The Rev. Charles P. Holbrook served as the third rector of St. Andrew’s Church from 1915 to 1917. Holbrook studied at the Boston University School of Theology before being ordained a priest in 1911 by the Rt. Rev. Robert Atkinson Gibson served, Sixth Bishop of the Episcopal Diocese of Virginia. In 1920, Holbrook helped organize and build the Episcopal Church of the Advent, which began as a mission church of Old Christ Church in Norfolk, Virginia. He died in 1933 while serving as priest-in-charge of the Episcopal Church of the Resurrection in Greenwood, South Carolina.
From 1917 to 1920, the Rev. William H. Wheeler served as the fourth rector of St. Andrew’s Church. Wheeler was born in Little Falls in 1879. In 1902, he earned a Bachelor of Arts degree from Trinity College in Hartford, Connecticut, which was founded by the Rt. Rev. Thomas Church Brownell, Presiding Bishop of the Episcopal Church from 1852 until his death in 1865. Wheeler attended the Church Divinity School of the Pacific and was ordained a priest in 1905 by the Rt. Rev. William Ford Nichols, Second Episcopal Bishop of California. From 1922 to 1952, Wheeler ministered at the Thompson Orphanage and Training Institution that was established by the Episcopal priest Edwin Augustus Osborne in Charlotte, North Carolina in 1887. Wheeler died in 1964.
The fifth rector of St. Andrew’s Church, the Rev. Gerald H. Lewis, served our parish from 1920 until 1925. Lewis was born in Coal Valley, West Virginia in 1880. Lewis attended the Newark Academy, a college preparatory school founded in 1774 by the Presbyterian minister Alexander MacWhartor,
Lewis was a very controversial figure at St. Andrew’s Church, which was a “low church,” tending to minimize emphasis on the priesthood, sacraments, and ceremonial in worship. Priests at St. Andrew’s were referred to as “Mister,” but that changed when “Father” Lewis arrived. Under his leadership, St Andrew’s Sunday morning service was an Anglo-Catholic Mass. Lewis introduced the use of incense, the reserved sacrament, and a sanctuary lamp. After the installation of a rood screen and a confessional, the vestry sent a delegation to Bishop William T. Manning demanding he remove Lewis from the parish because many communicants were absenting themselves from the services with a consequent withdrawal of their financial support. Lewis moved on to serve parishes in the Midwest. Today, St. Andrew's Church has neither a rood screen nor a confessional.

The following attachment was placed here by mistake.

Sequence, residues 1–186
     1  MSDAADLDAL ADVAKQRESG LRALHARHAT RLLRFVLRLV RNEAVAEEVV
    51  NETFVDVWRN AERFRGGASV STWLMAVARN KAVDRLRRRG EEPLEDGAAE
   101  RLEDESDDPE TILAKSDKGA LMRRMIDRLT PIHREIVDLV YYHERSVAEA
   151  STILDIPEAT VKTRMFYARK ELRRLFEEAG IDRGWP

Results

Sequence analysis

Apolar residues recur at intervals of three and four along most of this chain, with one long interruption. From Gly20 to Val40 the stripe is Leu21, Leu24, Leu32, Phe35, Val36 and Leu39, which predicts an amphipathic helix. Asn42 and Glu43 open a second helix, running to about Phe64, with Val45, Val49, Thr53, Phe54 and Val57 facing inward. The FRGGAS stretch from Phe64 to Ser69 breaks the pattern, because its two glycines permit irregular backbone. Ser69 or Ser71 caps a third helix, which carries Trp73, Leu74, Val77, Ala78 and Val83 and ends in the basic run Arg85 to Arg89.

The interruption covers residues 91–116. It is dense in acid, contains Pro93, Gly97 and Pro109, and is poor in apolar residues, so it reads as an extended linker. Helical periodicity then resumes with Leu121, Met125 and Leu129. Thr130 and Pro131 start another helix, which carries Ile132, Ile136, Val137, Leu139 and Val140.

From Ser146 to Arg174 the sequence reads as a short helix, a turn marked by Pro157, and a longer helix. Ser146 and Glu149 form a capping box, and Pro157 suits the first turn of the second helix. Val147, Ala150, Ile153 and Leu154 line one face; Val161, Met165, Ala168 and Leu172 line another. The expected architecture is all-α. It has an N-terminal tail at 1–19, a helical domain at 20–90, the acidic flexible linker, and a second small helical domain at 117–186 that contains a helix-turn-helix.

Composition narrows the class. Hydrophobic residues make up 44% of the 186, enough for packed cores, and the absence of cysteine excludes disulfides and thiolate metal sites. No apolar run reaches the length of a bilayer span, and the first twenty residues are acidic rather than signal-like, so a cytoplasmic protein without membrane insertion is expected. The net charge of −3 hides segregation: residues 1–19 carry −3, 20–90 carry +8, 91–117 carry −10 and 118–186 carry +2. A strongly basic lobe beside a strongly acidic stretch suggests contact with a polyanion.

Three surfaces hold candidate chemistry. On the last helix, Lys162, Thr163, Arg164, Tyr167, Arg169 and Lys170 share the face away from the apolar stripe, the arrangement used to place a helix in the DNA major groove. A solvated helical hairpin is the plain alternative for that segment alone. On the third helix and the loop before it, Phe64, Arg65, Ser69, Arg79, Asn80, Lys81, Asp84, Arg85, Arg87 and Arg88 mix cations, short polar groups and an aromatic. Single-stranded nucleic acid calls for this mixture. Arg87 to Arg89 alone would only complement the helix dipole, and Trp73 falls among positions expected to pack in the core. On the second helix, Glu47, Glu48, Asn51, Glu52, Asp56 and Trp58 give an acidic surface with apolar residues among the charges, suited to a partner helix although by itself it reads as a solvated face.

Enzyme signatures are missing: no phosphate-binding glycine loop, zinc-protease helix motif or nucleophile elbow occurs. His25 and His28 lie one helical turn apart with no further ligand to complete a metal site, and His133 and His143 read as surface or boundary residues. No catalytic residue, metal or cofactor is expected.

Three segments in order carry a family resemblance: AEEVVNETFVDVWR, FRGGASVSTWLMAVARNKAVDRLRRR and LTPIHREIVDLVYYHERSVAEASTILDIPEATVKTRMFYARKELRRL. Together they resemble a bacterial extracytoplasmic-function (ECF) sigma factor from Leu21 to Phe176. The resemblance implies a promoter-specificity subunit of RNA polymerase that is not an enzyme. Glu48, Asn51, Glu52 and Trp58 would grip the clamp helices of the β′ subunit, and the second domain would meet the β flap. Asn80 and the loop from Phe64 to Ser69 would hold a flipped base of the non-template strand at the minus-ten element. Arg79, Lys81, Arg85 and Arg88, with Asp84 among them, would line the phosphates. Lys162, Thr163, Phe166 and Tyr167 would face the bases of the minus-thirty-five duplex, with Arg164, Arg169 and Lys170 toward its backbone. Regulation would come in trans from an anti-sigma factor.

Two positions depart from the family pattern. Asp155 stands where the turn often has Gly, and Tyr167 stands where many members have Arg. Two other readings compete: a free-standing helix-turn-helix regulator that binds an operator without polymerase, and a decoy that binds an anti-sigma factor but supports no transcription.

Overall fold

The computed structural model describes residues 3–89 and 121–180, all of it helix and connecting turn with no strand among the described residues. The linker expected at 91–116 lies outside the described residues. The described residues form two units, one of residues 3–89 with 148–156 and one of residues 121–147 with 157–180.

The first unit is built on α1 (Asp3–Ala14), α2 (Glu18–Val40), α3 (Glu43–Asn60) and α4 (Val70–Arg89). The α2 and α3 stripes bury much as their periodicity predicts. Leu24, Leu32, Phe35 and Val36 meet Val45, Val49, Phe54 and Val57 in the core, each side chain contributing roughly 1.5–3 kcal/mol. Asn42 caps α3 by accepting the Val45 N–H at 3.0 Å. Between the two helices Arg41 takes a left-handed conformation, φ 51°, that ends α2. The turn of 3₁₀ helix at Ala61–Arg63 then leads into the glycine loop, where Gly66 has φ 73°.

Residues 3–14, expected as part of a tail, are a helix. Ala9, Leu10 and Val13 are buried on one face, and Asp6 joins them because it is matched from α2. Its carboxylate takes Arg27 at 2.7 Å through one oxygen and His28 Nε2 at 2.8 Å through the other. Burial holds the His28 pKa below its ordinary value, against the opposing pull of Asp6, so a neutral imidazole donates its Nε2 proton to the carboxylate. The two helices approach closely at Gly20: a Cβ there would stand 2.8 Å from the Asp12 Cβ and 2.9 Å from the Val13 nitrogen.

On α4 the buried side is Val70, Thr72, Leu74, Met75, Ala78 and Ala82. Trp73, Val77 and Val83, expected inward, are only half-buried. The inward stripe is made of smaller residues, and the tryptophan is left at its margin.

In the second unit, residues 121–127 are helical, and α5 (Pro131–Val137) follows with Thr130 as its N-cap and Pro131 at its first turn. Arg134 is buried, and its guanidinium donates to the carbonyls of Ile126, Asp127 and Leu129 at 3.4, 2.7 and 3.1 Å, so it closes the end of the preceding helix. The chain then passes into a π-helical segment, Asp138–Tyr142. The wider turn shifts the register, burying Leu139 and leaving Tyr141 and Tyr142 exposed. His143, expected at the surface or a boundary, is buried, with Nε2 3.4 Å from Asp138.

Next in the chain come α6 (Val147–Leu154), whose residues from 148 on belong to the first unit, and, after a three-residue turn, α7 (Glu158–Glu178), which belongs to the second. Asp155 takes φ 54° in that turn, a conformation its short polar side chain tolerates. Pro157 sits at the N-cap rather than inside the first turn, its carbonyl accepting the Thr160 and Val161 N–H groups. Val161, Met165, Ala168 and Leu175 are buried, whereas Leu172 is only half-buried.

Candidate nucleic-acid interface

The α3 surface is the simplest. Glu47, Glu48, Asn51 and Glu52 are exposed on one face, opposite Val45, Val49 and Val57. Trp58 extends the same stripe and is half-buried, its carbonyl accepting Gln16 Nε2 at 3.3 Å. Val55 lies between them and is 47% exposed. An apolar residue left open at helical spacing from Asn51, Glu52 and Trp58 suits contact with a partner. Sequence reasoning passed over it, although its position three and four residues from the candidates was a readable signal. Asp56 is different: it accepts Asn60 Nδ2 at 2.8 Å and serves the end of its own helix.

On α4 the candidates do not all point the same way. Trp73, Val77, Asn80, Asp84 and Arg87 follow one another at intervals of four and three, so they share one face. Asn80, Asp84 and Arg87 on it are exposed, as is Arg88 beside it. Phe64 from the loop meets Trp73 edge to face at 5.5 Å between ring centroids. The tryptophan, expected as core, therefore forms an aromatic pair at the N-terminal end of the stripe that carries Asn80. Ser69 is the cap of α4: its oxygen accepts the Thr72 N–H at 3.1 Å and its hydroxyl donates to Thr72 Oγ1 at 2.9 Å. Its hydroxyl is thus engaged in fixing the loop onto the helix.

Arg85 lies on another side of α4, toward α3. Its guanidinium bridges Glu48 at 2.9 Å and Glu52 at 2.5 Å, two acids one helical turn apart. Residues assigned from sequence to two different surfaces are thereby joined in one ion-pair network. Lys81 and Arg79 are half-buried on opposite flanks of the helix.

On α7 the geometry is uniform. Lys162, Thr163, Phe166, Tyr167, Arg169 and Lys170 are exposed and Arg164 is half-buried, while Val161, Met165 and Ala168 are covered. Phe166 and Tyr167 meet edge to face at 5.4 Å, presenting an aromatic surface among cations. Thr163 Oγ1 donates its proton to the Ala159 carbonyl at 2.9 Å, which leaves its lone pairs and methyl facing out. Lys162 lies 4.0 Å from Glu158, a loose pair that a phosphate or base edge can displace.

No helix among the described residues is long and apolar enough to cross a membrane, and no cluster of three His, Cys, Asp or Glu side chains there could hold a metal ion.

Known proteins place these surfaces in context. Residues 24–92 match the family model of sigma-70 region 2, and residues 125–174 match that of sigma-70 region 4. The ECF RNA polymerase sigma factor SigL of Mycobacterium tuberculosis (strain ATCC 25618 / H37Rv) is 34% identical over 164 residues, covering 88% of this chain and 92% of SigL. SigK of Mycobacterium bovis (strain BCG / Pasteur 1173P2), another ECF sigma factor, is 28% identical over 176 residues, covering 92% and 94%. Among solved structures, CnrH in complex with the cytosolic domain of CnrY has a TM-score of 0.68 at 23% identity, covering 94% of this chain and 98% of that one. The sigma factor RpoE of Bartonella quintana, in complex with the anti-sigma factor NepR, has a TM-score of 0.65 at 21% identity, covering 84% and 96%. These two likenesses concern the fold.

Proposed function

ST. ANDREW'S CHURCH INTERIOR
WITH ROOD SCREEN
In 1926 and 1927, the Rev. James B. Sill attended to St. Andrew’s Church. The New York-born Sill spent most of his adult life serving parishes in North Carolina.
The Rev. John L. Villalonga became rector of St. Andrew's Church in 1928. Villalonga transferred into the Diocese of New York from the Missionary District of Puerto Rico. Born in 1874, he died of pneumonia in 1930.
Bigler died in 1958 and is buried in St. Luke’s cemetery.
THE REV. EUGENE F. BIGLER'S HEADSTONE
IN ST. LUKE'S CEMETERY
On December 12, 1948, St. Andrew’s Church was consecrated by the Rt. Rev. Charles K. Gilbert, Eleventh Episcopal Bishop of New York. The last indebtedness of the parish was paid off through an anonymous gift in 1948, making it possible for the bishop to consecrate our building. The clergy, wardens, and vestry members of the parish extended to the community a cordial invitation to be present on this important occasion and to join the congregation in praising God. The Rev. Robert J. Creech was vicar of St. Andrew’s Church at the time of the consecration. Creech served the parish from 1947 to 1951. He lived in the rectory and saw the congregation grow. However, new parishioners were commuting in from the surrounding area, rather than walking in from the parish neighborhood.
THE RT. REV. CHARLES K. GILBERT,
ELEVENTH EPISCOPAL BISHOP OF NEW YORK
© National Portrait Gallery, London
From 1953 to 1959, the Rev. E. Otis Charles was priest-in-charge of St. Andrew's Church. The parish neighborhood became increasingly African-American in the 1950s. Charles made a concerted effort to invite people living near the church to
worship. Consequently, our congregation became more racially and ethnically diverse. Charles went on to serve as bishop of Utah from 1971 to 1986. In 1985, Charles became dean and president of the Episcopal Divinity School in Cambridge, Massachusetts. Upon his retirement in 1993, Charles publicly announced his homosexuality, becoming the first openly gay bishop of any Christian denomination.
THE RT. REV. E. OTIS CHARLES (1926-2013)